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By Darrin Bradley

I still recall 2 years ago when the phone rang. A landowner from Nebraska with a substantial amount of ground was phoning in an effort to try and convince me to found a
Whitetail Deer Outfitting Service on his group of land tracts in Nebraska. At the time I was an established outdoor writer, on several pro staffs in the hunt industry, and was running outfitted hunts in the States of Illinois, Missouri, Kansas, and Iowa. Initially I wasn’t all that enthused about conducting whitetail hunts in the State of Nebraska, however the landowner was very persistent in trying to convince me into visiting with him and “walking out” his land tracts. He laid claim to the fact that his ground was some of the best whitetail hunting in the United States of America. Despite him pleading his case I still was somewhat hesitant about Nebraska Whitetail Hunting. When I think of big whitetail bucks I think of Iowa, Illinois, Wisconsin, or other more reknown areas. I can honestly say I’ve never had a real urge to whitetail hunt in the State of Nebraska.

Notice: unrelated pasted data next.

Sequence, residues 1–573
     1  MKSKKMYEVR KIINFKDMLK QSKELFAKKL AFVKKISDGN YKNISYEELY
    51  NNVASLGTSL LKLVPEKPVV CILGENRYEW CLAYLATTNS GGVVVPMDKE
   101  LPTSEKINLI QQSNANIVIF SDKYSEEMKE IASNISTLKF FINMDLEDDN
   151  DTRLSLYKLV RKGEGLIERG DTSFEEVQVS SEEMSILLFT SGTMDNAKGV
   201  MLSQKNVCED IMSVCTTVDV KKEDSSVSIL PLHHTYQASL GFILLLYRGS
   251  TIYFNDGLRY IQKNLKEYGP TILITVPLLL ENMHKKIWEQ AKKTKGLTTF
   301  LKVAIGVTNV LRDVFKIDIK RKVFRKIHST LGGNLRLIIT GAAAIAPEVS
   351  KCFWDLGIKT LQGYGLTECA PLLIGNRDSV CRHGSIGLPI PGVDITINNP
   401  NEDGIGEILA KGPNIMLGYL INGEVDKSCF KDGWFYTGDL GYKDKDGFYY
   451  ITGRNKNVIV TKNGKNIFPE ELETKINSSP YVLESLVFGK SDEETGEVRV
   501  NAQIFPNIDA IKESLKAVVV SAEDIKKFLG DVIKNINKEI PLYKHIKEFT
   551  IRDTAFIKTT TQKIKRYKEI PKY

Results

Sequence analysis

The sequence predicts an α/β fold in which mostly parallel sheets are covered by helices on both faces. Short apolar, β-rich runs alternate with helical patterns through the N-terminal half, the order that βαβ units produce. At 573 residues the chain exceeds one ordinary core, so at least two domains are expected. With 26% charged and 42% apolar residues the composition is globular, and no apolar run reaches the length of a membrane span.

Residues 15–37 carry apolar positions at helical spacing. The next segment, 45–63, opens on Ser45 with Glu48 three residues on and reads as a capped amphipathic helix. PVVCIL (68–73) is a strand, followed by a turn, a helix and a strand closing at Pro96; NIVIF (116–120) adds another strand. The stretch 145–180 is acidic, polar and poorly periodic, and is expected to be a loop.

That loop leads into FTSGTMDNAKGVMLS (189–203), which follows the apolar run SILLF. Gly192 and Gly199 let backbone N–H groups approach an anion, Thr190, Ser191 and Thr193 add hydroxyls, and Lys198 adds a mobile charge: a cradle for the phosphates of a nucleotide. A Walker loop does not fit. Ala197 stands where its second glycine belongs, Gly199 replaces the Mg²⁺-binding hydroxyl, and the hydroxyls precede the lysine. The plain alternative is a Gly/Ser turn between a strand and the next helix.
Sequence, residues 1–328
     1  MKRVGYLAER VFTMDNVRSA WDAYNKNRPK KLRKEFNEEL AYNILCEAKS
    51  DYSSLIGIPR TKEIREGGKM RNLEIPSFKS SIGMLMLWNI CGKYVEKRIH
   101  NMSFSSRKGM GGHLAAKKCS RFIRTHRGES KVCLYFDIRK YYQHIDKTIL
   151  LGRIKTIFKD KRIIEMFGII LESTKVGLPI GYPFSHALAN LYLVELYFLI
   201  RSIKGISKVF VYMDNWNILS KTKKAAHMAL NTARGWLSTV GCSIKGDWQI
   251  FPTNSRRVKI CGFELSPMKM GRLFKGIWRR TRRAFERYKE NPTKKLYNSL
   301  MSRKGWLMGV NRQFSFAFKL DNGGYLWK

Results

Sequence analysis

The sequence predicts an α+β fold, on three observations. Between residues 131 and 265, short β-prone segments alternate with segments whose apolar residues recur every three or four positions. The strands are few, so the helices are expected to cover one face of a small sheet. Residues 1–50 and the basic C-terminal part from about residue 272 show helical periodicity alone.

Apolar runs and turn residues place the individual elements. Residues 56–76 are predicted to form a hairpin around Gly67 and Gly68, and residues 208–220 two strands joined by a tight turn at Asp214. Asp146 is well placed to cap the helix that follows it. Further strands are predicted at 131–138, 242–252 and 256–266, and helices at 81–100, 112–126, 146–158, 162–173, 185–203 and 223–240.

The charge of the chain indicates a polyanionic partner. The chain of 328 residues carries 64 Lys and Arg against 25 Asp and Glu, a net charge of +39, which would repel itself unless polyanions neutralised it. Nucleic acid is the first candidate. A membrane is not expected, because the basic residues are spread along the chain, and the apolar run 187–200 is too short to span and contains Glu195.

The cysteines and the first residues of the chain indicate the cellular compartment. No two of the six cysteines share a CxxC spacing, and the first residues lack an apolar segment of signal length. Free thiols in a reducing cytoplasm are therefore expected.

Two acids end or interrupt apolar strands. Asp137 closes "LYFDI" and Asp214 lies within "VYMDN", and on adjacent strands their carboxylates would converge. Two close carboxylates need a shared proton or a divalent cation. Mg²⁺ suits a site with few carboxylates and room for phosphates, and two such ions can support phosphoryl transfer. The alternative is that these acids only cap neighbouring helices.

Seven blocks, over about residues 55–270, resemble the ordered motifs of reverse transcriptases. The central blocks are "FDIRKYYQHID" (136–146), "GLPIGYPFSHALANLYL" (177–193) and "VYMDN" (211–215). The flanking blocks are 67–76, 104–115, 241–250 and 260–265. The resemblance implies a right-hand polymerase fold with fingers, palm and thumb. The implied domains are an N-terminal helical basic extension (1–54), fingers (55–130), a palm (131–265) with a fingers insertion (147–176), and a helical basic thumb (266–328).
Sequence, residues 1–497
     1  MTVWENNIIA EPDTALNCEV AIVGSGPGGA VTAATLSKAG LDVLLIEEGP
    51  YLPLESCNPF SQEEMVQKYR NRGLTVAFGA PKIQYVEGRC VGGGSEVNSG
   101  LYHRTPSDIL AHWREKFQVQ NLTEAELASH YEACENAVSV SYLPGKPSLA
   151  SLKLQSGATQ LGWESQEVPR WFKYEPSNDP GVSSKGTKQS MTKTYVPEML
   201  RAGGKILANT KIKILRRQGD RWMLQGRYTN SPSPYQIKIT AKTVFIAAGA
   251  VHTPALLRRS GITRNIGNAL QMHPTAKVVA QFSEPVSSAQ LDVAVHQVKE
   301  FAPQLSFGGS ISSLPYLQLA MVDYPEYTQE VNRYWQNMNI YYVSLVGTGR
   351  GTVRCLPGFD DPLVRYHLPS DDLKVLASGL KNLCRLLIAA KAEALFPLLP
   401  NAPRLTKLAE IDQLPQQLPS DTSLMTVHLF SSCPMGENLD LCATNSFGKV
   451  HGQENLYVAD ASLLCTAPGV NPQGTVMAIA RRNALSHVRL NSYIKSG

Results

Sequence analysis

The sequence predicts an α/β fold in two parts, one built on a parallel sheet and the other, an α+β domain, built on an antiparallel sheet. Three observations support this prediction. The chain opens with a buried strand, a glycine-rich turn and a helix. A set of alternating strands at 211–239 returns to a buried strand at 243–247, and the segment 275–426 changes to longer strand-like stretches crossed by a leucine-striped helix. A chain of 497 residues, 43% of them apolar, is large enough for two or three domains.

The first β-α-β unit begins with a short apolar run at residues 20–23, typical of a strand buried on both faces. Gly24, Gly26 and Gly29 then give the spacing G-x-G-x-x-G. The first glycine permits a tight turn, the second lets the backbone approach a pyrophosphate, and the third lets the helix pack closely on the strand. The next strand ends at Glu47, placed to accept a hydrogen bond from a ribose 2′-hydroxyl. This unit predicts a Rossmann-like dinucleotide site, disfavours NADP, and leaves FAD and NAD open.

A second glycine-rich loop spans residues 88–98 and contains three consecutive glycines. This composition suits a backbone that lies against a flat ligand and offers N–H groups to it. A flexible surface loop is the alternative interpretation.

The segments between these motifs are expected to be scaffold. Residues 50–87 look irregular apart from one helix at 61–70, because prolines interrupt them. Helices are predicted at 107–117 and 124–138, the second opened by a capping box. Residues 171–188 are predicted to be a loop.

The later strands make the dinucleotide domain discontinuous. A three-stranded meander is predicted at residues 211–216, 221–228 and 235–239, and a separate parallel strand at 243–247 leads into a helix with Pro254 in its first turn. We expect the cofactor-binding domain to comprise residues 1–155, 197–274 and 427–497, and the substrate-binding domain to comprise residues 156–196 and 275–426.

Despite my initial despondency I traveled to the State of Nebraska to view the ground, and as a result discovered some of the most amazing trophy whitetail country I’ve ever seen. In fact I am currently in control of over 50,000 acres of ground in Illinois, Iowa, Missouri, Iowa, and Nebraska, and get this, FOR THREE YEARS IN A ROW THE NEBRASKA HUNTING HAS LED ALL 5 STATES IN SUCCESS RATES OF PLACING HUNTERS WITHIN 30 YARDS OF A RECORD BOOK WHITETAIL BUCK. Nebraska is definitely one of the whitetail industries best kept secrets. Further during the 2006 season we conducted our Nebraska 1st Firearms camp with a total of 18 hunters. The first day of the season 14 of those 18 hunters harvested trophy whitetail bucks. I don’t mean just shot at them. I mean actually killed them. That is a 78% trophy buck harvest or kill rate the first day of a 4 day hunt. Many of the bucks exceeded 160 inches of antler.